- As built, SkyPark floats somewhere between the deck of a luxury cruise ship and the garden of a luxury hotel – and both are design categories which landscape designers neglect. What the SkyPark needed was a serious dreamland design to lift the imagination of guests, as well as the contents of their wallets. Moshe Safdie was the architect. He worked with five artists but, having written a book For everyone a garden probably sees himself as an expert on garden design. I do not doubt that, like Frank Lloyd Wright, Safdie has the ability to design gardens but as with all the arts, it takes time to develop expertise and one needs to love garden life and garden visiting to succeed. My belief is that Edwin Lutyens’ best gardens were designed in co-operation with Gertrude Jekyll and that Lutyens tended towards vacant formalism when working, like Safdie, on his own. Eero Saarinen had the great good sense to work with Dan Kiley.
- the Tropical Island shape of the SkyPark sits unhappily on its three towers. There is a dash of HG Wells’ War of the Worlds about it. Or an out-or-water oil rig. Looking up, one wonders if a Tsunami left a cruiseliner or a surfboard perched on the roofs of its three towers. The resort hotel may appear more sensitive to its context when more of Singapore’s buildings have SkyParks
- Safdie’s urban design, which I commend but which is not apparent from the photographs, was as follows: ‘A series of layered gardens provide ample green space throughout Marina Bay Sands, extending the tropical garden landscape from Marina City Park towards the Bayfront. The landscape network reinforces urban connections with the resort’s surroundings and every level of the district has green space that is accessible to the public. Generous pedestrian streets open to tropical plantings and water views. Half of the roofs of the hotel, convention center, shopping mall, and casino complex are planted with trees and gardens.
Top photographs courtesy Marina Bay Sands Hotel. Bottom photo courtesy Peter Morgan.
What goes around comes around. The top image is a reconstruction of one of the world’s oldest settlements, at Catal Huyuk in Turkey. Ancient Chinese cities were also protected from floods by high walls. The lower image (from yesterday’s Daily Mail) shows a builder’s determination to protect himself from the floods which have engulfed the Somerset Levels in 2014. See previous posts about the Waffle Method of protecting property from floods. This is what I would do if I lived in a flood-prone area: take my own flood-protection measures. I would of course have no objection to taxpayers building levees and digging channels to protect my property – but I would not trust their generosity. Here is another example of waffle-flood-protection in the flood plain of the Mississippi. Knowing that climate change is taking place, despite Prince Charles’ view of my stupidity, I would build the bund into the design of my garden rather than waiting until the flood waters crept up on my boundary. The bund would also protect the chickens-with-heads I would like to keep in my country garden. Since it would be protected against foxes I could let them enjoy a free-range lifestyle and roost in the trees in my country garden. One other thing: if I was a wealthy builder I would employ a garden designer for my private paradise in Somerset.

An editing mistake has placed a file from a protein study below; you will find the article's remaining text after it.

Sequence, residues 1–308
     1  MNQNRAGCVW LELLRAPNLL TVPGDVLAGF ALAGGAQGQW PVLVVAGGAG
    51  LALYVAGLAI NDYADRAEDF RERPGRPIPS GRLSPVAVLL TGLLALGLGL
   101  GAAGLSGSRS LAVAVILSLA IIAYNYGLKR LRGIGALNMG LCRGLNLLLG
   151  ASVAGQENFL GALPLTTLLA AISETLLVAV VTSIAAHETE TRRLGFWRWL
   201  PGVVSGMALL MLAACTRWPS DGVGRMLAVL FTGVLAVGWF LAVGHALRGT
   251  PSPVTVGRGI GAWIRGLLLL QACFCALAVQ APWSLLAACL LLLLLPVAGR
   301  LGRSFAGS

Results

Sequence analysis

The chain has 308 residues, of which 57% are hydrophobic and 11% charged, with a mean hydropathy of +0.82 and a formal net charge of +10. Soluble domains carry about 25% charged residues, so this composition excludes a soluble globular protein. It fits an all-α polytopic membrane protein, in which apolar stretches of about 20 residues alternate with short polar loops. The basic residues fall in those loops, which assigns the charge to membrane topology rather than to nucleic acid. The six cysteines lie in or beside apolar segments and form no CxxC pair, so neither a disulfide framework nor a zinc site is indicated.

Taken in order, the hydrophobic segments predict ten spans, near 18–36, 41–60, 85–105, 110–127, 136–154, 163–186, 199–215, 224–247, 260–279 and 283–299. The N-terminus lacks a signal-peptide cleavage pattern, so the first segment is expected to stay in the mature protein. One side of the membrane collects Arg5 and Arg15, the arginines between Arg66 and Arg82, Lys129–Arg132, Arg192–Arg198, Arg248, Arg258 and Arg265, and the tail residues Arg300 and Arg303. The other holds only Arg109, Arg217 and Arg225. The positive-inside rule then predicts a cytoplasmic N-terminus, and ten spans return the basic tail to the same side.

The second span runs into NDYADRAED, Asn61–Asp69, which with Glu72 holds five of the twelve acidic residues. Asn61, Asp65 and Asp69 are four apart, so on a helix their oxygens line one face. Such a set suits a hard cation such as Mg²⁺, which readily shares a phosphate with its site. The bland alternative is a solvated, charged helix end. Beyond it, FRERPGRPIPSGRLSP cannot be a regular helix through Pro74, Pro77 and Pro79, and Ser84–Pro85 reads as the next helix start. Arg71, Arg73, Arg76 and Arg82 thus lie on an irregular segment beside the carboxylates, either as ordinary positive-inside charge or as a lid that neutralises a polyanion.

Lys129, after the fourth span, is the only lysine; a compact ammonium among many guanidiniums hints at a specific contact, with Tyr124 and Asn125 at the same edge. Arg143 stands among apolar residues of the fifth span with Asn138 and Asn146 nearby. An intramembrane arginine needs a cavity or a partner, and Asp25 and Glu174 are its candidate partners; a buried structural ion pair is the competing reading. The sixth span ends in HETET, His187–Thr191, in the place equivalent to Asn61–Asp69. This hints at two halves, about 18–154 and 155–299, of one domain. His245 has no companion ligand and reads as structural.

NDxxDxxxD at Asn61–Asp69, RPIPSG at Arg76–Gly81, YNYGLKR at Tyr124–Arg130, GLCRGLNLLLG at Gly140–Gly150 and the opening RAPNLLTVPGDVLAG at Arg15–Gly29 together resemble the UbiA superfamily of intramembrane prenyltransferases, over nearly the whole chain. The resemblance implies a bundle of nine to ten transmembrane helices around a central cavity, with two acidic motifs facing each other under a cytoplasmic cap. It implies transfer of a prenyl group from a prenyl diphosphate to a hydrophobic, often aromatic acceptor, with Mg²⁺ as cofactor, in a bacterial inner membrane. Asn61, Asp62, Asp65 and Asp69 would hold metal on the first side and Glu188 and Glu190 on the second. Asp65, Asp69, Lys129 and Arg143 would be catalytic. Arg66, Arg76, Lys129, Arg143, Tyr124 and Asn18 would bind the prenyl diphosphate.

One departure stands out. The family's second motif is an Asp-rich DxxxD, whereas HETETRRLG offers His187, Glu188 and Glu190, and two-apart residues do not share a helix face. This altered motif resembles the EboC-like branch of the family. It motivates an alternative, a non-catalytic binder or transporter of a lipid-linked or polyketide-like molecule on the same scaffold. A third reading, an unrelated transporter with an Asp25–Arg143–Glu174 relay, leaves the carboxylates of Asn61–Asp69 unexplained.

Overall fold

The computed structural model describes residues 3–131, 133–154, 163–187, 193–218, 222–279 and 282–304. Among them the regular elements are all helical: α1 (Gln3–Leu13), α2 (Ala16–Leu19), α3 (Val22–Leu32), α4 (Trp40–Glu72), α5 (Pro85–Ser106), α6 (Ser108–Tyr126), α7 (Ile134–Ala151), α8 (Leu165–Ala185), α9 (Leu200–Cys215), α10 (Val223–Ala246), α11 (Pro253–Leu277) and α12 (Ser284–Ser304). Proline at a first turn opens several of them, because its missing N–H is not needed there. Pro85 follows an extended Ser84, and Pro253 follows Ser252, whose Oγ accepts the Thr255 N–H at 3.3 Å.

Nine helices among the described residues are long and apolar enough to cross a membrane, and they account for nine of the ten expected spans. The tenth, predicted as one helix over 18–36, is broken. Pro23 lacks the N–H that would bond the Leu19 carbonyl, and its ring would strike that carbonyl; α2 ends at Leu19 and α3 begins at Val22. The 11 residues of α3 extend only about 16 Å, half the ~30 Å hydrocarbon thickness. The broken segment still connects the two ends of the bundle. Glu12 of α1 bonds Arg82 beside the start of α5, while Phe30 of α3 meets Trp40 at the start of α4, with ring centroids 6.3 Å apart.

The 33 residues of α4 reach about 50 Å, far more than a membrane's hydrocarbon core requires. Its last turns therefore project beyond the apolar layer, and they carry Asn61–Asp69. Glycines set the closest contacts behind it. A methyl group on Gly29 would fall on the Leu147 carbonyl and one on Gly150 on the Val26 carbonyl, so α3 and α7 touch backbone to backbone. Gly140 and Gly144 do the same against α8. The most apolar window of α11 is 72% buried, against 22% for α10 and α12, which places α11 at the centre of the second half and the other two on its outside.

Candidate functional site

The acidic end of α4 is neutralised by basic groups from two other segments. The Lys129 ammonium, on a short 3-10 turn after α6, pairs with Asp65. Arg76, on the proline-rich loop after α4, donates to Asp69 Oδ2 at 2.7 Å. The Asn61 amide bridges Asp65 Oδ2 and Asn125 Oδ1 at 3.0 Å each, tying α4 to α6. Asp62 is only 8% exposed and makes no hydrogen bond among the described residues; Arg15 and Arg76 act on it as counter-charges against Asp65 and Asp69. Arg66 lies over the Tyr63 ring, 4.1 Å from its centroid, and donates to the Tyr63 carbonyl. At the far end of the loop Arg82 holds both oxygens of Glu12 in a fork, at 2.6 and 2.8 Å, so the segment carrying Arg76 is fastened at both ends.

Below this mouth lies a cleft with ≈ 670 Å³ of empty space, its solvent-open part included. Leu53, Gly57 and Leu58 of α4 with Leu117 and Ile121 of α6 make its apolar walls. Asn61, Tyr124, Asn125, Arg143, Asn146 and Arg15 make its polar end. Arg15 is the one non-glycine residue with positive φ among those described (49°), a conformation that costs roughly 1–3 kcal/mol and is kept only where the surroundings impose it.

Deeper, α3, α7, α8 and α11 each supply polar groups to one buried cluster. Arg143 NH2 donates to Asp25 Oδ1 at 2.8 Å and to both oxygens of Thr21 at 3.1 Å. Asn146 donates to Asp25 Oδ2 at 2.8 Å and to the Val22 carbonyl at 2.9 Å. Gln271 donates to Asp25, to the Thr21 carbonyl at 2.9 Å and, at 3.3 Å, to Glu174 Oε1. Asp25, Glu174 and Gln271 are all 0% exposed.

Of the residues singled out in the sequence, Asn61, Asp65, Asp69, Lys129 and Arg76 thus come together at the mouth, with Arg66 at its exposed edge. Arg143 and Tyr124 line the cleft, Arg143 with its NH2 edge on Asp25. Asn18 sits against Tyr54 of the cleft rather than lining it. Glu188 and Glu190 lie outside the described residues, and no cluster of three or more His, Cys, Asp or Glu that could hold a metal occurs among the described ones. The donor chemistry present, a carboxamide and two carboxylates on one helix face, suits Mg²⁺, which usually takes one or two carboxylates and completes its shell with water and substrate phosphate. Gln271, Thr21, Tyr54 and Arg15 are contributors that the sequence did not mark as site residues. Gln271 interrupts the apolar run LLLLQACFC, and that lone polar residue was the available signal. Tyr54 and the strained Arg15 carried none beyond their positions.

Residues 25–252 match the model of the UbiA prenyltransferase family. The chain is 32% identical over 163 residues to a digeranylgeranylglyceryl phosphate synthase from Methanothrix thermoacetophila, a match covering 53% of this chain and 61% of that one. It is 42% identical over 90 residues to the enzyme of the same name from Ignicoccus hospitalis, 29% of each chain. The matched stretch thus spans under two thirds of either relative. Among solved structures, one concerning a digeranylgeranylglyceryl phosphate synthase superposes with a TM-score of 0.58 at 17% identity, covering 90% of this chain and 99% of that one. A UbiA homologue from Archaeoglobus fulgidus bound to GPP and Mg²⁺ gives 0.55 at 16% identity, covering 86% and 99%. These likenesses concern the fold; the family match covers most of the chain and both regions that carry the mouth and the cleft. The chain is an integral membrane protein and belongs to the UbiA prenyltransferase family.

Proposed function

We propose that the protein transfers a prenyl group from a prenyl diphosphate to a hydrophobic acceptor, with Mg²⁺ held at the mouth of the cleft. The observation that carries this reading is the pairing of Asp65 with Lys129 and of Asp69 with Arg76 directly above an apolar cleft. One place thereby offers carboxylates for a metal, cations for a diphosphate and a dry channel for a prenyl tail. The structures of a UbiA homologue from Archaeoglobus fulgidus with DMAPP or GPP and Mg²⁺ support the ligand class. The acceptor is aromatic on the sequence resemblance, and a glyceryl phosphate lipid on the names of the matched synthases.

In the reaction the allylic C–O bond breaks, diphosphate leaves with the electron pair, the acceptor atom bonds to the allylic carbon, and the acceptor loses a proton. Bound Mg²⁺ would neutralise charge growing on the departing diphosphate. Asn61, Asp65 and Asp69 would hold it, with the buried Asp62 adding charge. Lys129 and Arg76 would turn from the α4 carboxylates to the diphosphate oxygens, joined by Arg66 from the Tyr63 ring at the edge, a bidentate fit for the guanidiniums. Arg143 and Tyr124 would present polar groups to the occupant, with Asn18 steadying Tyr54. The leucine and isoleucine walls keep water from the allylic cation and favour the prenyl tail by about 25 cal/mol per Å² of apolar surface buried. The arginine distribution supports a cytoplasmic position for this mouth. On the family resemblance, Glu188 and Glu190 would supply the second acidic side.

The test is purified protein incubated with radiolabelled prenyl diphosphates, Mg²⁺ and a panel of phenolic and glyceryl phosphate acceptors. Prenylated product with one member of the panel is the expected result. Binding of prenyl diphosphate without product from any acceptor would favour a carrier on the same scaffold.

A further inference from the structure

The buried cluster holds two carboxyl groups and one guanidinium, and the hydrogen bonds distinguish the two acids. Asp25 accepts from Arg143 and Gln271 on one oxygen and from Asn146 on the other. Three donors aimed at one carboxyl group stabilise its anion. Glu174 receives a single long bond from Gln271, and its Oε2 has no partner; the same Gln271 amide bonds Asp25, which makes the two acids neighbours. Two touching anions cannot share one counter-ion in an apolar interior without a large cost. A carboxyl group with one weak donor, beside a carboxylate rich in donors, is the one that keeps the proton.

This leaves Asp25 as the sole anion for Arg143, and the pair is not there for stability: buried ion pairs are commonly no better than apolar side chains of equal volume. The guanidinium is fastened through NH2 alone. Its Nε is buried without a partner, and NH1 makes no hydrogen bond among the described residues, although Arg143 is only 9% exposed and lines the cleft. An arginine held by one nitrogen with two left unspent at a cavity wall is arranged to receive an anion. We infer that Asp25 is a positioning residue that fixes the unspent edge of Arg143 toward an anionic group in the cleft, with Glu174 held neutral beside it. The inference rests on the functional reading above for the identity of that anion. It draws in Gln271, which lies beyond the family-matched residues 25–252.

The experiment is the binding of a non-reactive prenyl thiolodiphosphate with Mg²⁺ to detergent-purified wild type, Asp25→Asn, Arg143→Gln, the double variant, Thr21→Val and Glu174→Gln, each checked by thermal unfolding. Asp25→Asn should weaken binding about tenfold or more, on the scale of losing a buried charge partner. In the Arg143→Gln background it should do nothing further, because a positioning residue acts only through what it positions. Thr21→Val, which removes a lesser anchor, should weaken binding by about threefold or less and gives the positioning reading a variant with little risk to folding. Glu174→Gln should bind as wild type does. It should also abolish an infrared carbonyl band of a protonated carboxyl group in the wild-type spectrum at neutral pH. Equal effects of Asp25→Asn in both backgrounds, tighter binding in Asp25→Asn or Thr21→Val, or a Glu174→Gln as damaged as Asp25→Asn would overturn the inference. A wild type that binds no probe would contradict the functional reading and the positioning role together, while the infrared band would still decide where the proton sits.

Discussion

With luck, I will have to change my mind when it is completed. But my present view of James Corner’s design for Freshkills Park is that it is a dull design for a dull place. It reminds me of many landscape reclamation projects completed in the north of England in the 1970s. ‘Before’ photographs, intended to shock the viewer, showed heaps of mining waste with scrubby vegetation. ‘DERELICTION’ we were told. ‘After’ photographs, were of several varieties: the mouse-under-the-carpet, the dog-under-the-carpet and the whale-under-the-carpet. The ‘carpet’ was an expensively created layer of greeny-yellow turf with a sparsity of dying trees. This is what the clients wanted, it has to be said, but the results were of very little ecological, visual or social value.
Another Freshkills puzzle is why it should be regarded as exemplifying a new approach to landscape architecture. I see Landscape Urbanism as postmodern and Freshkills as a good example of McHargian Ecological Design – which was a modernist approach. James Corner’s design for the High Line is excellent – so I remain optimistic that Fresh Kills will turn out well. I re-visited Richard Wilson’s wonderful 20:50 sump oil installation at the Saatchi Gallery recently and it made me wonder about Fresh Kills. As an access-route, why not cut a glass-sided trench though the heap of rubbish so that visitors can watch the decay progress? We could see leachate dripping onto old motherboards and the occasional pair of mating rats?. Then there could be a flare to burn off a tiny fraction of the methane.